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15 photos of natural phenomena which will take your breath away

Discussion in 'Off-Topic' started by capslocked, Sep 11, 2015.

  1. Nature loves to show its powers, and more often than not it’s awe-inspiring when it does. It reminds us again and again that we are in fact very small beings, incapable of ever fully mastering the natural world around us.

    Here are 15 shots of natural phenomena which are difficult to believe actually exist until you’ve seen them with your own eyes.



    Grüner See (The Green Lake)
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    The Grüner See (or Green Lake) in Austria, with its incredibly clear emerald water, is constantly changing in size and depth. In winter it becomes merely a large puddle, with its floor barely 1-2 metres across.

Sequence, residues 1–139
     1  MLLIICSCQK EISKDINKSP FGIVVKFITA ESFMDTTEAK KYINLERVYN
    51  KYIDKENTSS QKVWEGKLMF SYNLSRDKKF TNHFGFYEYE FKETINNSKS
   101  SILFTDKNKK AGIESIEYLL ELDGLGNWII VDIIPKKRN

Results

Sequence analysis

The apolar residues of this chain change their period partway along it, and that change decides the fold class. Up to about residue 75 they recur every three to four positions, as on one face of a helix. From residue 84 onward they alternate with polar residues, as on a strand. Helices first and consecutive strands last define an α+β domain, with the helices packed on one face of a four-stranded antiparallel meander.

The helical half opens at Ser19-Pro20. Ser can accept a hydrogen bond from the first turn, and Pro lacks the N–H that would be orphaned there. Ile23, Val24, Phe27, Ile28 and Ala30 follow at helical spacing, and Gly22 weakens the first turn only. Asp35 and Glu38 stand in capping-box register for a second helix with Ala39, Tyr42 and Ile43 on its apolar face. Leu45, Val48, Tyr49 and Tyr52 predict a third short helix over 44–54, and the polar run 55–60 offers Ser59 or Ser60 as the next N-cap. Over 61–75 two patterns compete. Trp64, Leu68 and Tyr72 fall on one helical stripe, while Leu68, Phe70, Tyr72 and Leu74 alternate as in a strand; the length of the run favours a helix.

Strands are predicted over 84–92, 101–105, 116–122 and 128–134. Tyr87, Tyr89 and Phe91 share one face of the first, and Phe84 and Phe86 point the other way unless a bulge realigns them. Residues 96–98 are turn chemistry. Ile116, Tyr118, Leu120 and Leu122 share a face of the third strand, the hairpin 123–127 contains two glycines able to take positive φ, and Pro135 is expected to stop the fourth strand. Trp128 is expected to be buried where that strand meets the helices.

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    But in summer, its depth reaches 12 metres, and part of the park around it — with its footpaths, bridges and benches — becomes something similar to the lost world of Atlantis. It’s a fantastic place for divers.



    The ’Giant bëâr’ Shadow
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    The Shadow of the bëâr appears just two times a year in the mountains of North Carolina, USA, bringing with it large numbers of tourists. It can be seen only at the end of October through to the start of November and from the middle of February to the start of March, each day for no more than half an hour.



    Cacoon Trees
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    These fantasitcal cacoon trees appeared in Pakistan after terrible flooding in 2010. Millions of spiders climbed up into the trees to save themselves from the rising waters, braiding every inch of the foliage with their silky webs.



    The Pink Lake